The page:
Republican Campaign Poster

H. Wayne Morgan Book Prize

The Society for Historians of the Gilded Age and Progressive Era is delighted to announce the Wayne Morgan Prize for the best book published in political history of United States in the period 1865-1920s.

Former JGAPE editor, Alan Lessoff has written this tribute to remember Morgan’s legacy:

During a half century of scholarship and academic work, H. Wayne Morgan (1934-2014) came to occupy a special place among historians of the Gilded Age. A prolific, wide-ranging writer, as well as a dedicated editor, a lively teacher, and a generous colleague—with lengthy careers at both the University of Texas and the University of Oklahoma—“Wayne” Morgan did more than any single scholar to reshape the study of the Gilded Age from a set of loose preconceptions and dismissive images into a coherent, well-grounded area of research. The two editions of his essay collection, The Gilded Age (1963, 1970), brought together the variety of themes—economic, social, cultural, and political—that came to characterize professional historical writing on the era, in addition to giving a forum to then-upcoming scholars whose work would set agendas for a generation and more. Author and editor of over a half-dozen books on art and literature, Morgan demonstrated how decisive the Gilded Age had been for the institutional, professional, and thematic development of American art and culture, while underscoring how indispensable cultural history is to a full understanding of the era. An adept historian of public policy, Morgan in 1982 published Drugs in America: A Social History, 1800-1980, for decades the standard historical account of that contentious topic. His edited books include primary source collections on environmental issues as well as drug problems in the Gilded Age and Progressive Era.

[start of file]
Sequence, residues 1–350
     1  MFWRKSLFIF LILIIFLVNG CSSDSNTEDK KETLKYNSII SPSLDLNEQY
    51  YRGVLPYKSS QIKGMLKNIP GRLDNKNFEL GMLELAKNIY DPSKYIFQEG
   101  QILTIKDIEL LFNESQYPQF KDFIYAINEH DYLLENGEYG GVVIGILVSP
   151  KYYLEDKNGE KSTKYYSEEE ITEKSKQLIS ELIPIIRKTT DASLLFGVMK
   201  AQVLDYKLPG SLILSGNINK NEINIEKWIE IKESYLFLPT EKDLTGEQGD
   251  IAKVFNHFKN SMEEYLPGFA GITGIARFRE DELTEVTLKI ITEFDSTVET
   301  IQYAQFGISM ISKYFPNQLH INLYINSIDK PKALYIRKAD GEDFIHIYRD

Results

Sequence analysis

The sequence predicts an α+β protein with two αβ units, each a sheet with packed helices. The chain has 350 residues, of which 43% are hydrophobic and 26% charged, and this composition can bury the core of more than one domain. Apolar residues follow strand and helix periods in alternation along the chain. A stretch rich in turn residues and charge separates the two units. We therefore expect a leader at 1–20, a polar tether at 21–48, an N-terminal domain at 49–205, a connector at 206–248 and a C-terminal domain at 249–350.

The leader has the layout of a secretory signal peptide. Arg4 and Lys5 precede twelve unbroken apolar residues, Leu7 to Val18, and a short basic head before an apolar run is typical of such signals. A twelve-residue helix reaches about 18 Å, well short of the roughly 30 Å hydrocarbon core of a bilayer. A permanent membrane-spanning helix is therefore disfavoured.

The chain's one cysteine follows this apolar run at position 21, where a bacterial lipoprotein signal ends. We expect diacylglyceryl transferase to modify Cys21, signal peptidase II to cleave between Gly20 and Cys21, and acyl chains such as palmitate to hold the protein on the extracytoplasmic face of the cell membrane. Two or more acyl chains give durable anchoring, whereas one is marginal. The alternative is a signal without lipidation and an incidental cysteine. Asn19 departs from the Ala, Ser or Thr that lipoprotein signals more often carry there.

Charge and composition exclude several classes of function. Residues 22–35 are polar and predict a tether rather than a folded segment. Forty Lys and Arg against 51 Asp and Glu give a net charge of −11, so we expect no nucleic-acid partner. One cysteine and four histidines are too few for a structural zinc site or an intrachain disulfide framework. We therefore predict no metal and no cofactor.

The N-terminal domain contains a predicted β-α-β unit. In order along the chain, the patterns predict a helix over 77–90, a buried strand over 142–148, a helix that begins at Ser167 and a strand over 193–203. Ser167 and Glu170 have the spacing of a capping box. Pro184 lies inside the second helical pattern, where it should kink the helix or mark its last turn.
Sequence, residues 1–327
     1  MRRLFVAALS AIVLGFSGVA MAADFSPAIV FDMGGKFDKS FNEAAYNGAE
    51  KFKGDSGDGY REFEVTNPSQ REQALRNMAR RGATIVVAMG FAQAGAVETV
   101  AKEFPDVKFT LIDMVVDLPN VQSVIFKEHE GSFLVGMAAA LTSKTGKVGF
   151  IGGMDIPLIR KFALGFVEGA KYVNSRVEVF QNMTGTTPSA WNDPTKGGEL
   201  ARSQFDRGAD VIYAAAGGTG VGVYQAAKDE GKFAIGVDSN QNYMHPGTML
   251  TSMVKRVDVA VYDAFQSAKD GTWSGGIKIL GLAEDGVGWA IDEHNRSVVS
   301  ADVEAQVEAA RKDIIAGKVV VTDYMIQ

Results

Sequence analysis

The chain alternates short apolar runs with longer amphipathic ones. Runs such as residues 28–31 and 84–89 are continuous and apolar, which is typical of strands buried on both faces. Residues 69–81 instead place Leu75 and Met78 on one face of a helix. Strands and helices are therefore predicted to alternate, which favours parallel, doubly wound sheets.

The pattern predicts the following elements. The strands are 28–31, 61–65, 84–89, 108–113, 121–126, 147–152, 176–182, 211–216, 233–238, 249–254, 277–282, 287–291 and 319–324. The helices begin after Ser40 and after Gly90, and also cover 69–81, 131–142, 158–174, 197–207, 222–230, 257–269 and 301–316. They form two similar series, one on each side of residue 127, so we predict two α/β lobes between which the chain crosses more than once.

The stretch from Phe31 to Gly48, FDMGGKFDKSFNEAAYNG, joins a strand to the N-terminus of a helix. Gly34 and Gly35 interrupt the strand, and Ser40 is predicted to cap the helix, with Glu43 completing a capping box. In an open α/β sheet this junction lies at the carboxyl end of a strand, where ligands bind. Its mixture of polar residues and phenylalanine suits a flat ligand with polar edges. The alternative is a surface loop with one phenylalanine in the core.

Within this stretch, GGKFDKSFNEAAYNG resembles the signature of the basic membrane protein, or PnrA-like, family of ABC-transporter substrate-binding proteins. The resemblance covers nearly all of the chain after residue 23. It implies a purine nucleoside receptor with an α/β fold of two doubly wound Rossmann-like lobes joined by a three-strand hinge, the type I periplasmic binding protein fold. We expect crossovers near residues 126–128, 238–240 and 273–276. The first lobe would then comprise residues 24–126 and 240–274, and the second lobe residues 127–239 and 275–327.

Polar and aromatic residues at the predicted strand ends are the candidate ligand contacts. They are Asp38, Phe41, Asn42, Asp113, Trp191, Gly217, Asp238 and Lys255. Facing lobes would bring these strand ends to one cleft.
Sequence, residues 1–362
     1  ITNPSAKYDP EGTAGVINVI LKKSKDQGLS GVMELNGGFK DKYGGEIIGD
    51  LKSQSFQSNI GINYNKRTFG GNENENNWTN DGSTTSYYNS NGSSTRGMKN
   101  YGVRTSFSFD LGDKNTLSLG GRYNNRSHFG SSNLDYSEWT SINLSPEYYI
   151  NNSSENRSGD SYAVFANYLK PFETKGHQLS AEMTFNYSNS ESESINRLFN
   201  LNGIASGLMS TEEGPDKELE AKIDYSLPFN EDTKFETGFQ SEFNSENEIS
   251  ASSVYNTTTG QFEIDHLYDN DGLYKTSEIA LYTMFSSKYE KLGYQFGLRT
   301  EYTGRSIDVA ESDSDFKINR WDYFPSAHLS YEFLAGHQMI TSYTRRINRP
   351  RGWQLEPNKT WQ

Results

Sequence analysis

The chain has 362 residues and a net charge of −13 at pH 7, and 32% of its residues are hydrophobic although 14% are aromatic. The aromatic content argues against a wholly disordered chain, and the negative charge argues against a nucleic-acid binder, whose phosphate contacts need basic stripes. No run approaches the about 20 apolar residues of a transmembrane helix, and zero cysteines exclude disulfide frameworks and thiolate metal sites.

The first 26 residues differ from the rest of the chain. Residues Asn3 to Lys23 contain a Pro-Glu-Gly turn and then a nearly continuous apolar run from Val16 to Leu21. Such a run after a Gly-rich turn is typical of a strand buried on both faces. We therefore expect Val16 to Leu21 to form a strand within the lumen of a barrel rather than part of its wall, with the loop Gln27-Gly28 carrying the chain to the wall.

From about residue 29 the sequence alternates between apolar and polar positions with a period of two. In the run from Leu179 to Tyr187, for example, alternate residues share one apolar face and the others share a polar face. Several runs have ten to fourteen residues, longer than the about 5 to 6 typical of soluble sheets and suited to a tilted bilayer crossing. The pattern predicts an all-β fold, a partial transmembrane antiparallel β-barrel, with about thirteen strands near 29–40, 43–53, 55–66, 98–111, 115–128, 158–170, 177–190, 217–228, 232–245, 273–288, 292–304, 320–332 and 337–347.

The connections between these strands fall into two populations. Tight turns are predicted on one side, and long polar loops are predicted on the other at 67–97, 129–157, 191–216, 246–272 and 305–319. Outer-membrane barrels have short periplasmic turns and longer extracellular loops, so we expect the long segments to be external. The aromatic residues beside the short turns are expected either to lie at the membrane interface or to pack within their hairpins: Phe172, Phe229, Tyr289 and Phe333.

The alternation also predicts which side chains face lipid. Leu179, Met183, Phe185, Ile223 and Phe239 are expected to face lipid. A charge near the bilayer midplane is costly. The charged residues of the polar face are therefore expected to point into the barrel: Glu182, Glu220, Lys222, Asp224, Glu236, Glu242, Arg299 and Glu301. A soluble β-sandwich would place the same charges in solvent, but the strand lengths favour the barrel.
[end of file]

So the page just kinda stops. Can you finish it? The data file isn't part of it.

For all his diverse accomplishments, Morgan in his time became most identified with his innovative work in political history. His 1963 biography, William McKinley and His America, and his 1969 overview, From Hayes to McKinley: National Party Politics, 1877-1896, set new standards for examining in a professional way events and personalities that previous writers had frequently treated as melodrama. Morgan’s influence is apparent in the range of scholars over the next half century who have insisted that—whatever one thinks of the successes and failures of U.S. politics in the Gilded Age—it is essential to understand issues and situations as they appeared to political figures at the time. On top of his enduring works on mainstream party politics, Morgan published useful work on U.S. foreign relations, as well as on Socialist politics, including Eugene Debs: Socialist for President (1962), which began as his master’s essay. When in 1997, the Society for Historians of the Gilded Age and Progressive Era inaugurated its Distinguished Historian award, Dr. Morgan was a natural choice for the honor. In offering the H. Wayne Morgan Prize for Political History, SHGAPE seeks to pay tribute to Morgan’s own spirit, his distinctive combination of broad-mindedness, originality, and professionalism.

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